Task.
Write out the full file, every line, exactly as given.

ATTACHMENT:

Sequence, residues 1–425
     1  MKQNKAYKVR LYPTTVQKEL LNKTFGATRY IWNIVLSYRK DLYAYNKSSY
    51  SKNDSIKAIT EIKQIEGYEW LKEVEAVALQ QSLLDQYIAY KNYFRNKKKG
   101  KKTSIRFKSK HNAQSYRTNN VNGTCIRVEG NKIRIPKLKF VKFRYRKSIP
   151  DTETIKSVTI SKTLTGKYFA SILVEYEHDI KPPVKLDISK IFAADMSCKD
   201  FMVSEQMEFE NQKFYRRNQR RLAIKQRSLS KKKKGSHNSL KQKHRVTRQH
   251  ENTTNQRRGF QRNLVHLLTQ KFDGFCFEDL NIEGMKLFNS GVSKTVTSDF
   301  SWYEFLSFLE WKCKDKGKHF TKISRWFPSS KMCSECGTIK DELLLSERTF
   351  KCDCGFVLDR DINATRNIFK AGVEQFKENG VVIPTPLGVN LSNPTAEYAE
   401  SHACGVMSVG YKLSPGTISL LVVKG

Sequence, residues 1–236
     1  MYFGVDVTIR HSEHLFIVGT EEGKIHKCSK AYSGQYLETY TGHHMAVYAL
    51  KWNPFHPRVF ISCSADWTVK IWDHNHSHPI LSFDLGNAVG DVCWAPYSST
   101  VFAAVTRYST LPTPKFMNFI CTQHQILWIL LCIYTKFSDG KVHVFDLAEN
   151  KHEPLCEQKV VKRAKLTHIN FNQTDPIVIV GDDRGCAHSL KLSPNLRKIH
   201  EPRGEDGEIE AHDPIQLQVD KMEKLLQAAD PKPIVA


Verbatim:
Sequence, residues 1–425
     1  MKQNKAYKVR LYPTTVQKEL LNKTFGATRY IWNIVLSYRK DLYAYNKSSY
    51  SKNDSIKAIT EIKQIEGYEW LKEVEAVALQ QSLLDQYIAY KNYFRNKKKG
   101  KKTSIRFKSK HNAQSYRTNN VNGTCIRVEG NKIRIPKLKF VKFRYRKSIP
   151  DTETIKSVTI SKTLTGKYFA SILVEYEHDI KPPVKLDISK IFAADMSCKD
   201  FMVSEQMEFE NQKFYRRNQR RLAIKQRSLS KKKKGSHNSL KQKHRVTRQH
   251  ENTTNQRRGF QRNLVHLLTQ KFDGFCFEDL NIEGMKLFNS GVSKTVTSDF
   301  SWYEFLSFLE WKCKDKGKHF TKISRWFPSS KMCSECGTIK DELLLSERTF
   351  KCDCGFVLDR DINATRNIFK AGVEQFKENG VVIPTPLGVN LSNPTAEYAE
   401  SHACGVMSVG YKLSPGTISL LVVKG

Sequence, residues 1–236
     1  MYFGVDVTIR HSEHLFIVGT EEGKIHKCSK AYSGQYLETY TGHHMAVYAL
    51  KWNPFHPRVF ISCSADWTVK IWDHNHSHPI LSFDLGNAVG DVCWAPYSST
   101  VFAAVTRYST LPTPKFMNFI CTQHQILWIL LCIYTKFSDG KVHVFDLAEN
   151  KHEPLCEQKV VKRAKLTHIN FNQTDPIVIV GDDRGCAHSL KLSPNLRKIH
   201  EPRGEDGEIE AHDPIQLQVD KMEKLLQAAD PKPIVA